Daddy and I (Story by Risa Peris)

Hello, Daddy. Have a seat. Well, you can’t really sit. You’re dead and we’re in Paris. It’s easy to get to Paris when you’re dead. You snap your bones. Voila. I took an overnight from LA. Squashed in coach. I was in the aisle seat. Steward kept bumping my arm. I was trying to read a Camus. A toddler kept crying. I popped three Valium. No sleep at all. Now I’m at a cafe eating strawberries with a croissant. Coffee with milk. As I recall, you drank your coffee black. Not even a crystal of sugar. You would say, I like my coffee strong and black like I like my women. Mom would whine. ‘That’s racist and I’m quite white.’ You just laughed. You were always laughing. Or so it seemed. But I remembered some dark moods, yelling, the smacking of mom’s older kids (some you adopted). You got really down sometimes. You’d lay in your lightless room and breathe. I’d crawl next to you. Put my arm across you. I could feel the thump of your heart. I couldn’t keep quiet for long. Tell me about the Navy. Tell me about all the countries you visited. Well, there was Paris…you said. Your heart thumped a little faster. Did you love it? You inhaled. I loved it. I love you. We fell asleep. At some point, mom would come in and yell. She’d yank my arm. She didn’t like me sleeping next to you. Oh, just let her stay, you would say. Mom said, no. Daddy, we will always have Paris I would as momma monster drug me out of the room. This would make you smile. You died when I was nine. You were my friend. Oh, father do sit down at the cafe table. Let’s look at the shadow of the Eiffel. I’m quite changed. Physically, emotionally. Some bad things happened to me. Some bad things I was born with too that you didn’t know about. Mom got very ill. Physically, emotionally. But you knew she wasn’t perfect. Your heart was large though. That’s why I could feel your heart so clearly as a child. I miss its beat. I’m missing something. That’s what happens to kids when they lose a parent young. They always feel like they are missing something. No, no. I won’t cry. It’s just…I love you. Are you happy, after all these years, I love you and desperately long to feel the thump of your heart? I don’t intend to live much longer. I came to Paris to die. I have the poison. The anti-emetic. Paris will become a coffin. Stay in this city. I will be with you soon. We will always have Paris. You and I. Daddy and I.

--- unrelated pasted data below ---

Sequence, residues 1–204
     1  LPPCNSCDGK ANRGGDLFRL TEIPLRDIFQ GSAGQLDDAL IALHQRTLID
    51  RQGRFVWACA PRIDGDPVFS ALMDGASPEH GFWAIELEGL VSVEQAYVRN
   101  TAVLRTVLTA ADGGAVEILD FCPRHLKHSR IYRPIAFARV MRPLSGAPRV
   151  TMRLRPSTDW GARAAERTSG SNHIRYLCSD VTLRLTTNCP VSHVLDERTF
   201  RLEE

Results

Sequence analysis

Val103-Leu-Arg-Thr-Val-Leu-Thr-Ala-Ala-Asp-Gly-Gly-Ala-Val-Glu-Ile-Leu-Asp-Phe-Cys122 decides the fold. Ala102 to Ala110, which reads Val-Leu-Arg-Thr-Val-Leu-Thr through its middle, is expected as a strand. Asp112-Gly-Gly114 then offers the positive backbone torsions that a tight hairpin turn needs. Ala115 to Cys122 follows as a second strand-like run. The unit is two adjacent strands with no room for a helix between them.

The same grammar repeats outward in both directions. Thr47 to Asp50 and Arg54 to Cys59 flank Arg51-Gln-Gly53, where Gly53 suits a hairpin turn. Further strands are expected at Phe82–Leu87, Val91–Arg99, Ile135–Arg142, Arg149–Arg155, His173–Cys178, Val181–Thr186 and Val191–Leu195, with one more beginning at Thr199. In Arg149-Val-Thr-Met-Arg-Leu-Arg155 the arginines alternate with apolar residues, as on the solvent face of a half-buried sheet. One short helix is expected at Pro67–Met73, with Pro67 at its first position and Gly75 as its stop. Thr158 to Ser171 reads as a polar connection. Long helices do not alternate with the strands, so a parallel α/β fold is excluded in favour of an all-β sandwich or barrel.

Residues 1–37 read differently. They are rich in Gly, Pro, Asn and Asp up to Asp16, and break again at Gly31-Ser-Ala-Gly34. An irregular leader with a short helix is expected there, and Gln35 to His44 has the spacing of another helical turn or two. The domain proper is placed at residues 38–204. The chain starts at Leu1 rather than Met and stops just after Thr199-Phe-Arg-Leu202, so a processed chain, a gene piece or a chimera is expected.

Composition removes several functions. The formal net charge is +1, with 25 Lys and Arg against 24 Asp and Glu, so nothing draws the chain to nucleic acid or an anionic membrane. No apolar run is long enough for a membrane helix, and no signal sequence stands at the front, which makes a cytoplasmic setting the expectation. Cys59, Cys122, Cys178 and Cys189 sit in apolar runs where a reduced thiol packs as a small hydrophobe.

THE END

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